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Iraqi government spends millions on medical treatment abroad

The Iraqi government is paying huge sums to help Iraqis travel abroad for medical treatment instead of allocating money to improve health care in the country.
Surgeons operate on a patient at the Ibn Bitar Hospital for Cardiac Surgery in Baghdad on July 9, 2011. It will be three years before doctors in Iraq can perform heart surgery on infants, doctors say, in a country where birth defects are high due to marriage within extended families. AFP PHOTO/ALI AL-SAADI (Photo credit should read ALI AL-SAADI/AFP/Getty Images)

The coordinator of a consulting firm specializing in providing medical treatment in India announced Nov. 15 on his Facebook page that he was coming to Iraq and provided his phone number so people could contact him and make arrangements for medical treatment. Al-Monitor tried calling on numerous occasions, but no one answered.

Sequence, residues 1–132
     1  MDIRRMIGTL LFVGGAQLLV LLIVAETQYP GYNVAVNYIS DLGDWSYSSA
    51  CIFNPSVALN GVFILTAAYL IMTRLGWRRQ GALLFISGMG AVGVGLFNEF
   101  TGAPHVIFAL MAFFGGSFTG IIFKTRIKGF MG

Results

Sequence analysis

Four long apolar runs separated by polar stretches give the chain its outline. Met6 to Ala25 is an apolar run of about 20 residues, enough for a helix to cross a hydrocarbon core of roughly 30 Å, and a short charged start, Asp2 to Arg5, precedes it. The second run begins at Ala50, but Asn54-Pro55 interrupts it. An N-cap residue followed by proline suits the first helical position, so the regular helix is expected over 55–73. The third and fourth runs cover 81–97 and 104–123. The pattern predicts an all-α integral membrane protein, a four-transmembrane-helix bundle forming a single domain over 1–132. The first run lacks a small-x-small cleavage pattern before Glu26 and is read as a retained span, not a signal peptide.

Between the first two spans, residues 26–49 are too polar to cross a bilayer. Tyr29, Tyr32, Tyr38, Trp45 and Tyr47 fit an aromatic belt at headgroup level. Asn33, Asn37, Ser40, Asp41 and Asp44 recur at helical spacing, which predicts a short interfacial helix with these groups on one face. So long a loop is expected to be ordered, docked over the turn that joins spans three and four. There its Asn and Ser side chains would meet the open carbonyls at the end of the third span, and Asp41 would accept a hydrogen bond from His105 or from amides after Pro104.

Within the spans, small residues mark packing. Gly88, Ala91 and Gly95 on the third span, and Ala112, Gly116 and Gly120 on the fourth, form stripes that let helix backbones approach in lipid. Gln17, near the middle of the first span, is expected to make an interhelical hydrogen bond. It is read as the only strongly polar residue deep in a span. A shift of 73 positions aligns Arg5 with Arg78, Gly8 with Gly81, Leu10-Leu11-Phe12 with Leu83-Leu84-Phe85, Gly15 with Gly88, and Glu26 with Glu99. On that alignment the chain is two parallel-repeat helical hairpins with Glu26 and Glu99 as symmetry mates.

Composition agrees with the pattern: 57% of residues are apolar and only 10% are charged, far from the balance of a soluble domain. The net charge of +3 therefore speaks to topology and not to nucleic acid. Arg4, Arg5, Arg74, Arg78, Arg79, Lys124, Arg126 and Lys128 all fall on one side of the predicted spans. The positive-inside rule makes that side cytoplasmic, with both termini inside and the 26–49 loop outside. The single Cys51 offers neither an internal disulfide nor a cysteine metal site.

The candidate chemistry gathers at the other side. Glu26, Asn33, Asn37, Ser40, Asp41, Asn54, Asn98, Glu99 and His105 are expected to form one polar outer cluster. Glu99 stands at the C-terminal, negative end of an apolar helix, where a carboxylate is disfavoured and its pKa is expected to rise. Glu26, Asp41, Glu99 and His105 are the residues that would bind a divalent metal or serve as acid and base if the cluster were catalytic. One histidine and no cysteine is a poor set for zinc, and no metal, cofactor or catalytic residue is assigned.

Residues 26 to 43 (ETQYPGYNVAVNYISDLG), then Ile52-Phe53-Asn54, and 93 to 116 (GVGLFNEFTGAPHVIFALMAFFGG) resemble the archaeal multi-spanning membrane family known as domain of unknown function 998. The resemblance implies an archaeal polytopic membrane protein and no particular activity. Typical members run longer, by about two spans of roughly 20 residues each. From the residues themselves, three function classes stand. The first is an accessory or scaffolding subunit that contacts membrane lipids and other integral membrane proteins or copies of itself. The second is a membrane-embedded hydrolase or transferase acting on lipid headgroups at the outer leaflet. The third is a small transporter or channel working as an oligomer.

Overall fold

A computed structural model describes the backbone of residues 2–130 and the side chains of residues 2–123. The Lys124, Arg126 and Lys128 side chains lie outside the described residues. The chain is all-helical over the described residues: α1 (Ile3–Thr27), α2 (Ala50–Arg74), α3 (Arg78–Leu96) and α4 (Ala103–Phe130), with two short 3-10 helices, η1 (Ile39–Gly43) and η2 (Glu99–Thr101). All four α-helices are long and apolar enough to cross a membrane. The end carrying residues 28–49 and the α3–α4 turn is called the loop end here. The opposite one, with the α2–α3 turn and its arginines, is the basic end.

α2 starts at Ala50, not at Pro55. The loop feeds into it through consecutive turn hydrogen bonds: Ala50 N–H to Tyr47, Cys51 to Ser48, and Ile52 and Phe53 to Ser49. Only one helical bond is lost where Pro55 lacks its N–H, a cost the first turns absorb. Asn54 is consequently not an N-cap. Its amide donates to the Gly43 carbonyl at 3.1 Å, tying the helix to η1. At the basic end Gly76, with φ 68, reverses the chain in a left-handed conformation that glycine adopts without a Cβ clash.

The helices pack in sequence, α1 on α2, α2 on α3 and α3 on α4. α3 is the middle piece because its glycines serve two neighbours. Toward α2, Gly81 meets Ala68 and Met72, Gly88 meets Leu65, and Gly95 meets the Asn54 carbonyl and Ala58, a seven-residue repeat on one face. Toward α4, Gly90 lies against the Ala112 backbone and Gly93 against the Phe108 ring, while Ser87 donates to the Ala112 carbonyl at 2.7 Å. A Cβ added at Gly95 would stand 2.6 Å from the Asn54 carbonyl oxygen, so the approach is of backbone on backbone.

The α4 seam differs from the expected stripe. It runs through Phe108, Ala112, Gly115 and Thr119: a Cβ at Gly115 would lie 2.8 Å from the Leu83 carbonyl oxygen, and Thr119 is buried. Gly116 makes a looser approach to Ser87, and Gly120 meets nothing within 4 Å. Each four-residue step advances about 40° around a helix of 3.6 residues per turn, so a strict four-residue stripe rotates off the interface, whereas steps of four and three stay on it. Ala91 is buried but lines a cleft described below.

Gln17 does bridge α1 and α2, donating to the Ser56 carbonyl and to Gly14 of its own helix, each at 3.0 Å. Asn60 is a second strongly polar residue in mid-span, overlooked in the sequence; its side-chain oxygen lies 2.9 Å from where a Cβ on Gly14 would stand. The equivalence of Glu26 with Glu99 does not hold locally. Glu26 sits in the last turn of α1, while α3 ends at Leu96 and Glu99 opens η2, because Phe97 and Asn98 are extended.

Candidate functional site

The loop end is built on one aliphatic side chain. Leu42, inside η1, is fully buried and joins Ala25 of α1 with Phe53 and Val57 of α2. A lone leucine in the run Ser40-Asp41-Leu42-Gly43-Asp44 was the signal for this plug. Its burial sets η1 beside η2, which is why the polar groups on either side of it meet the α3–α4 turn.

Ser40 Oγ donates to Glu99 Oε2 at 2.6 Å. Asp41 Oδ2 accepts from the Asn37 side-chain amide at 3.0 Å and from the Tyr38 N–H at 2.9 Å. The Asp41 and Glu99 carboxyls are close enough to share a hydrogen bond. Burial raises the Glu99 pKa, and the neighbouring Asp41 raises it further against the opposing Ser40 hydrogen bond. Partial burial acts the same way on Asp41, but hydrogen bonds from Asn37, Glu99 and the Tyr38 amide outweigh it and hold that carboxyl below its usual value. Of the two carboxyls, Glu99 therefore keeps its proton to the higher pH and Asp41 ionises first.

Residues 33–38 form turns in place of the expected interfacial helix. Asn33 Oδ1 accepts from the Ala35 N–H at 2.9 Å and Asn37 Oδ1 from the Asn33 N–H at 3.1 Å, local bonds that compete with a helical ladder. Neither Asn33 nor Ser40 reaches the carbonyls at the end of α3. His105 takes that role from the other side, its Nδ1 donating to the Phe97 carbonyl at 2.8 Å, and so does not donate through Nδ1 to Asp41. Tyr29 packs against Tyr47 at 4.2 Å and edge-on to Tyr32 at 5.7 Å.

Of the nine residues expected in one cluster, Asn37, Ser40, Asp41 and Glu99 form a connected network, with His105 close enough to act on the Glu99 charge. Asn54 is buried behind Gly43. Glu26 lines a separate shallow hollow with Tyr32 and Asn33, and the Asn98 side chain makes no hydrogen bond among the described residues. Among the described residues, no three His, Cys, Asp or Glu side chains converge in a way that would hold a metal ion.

In the midst of a medical crisis forcing Iraqis to travel to various countries, most frequently India, to receive treatment, Iraqis have lost faith in the country’s medical services, which they see as lacking adequate technologies and thus proper care. They are therefore seeking treatment abroad in neighboring countries, including Jordan, Iran and Turkey. Indian hospitals, however, are the big winners in the competition to woo patients, due to their lower cost, followed by facilities in eastern European countries.

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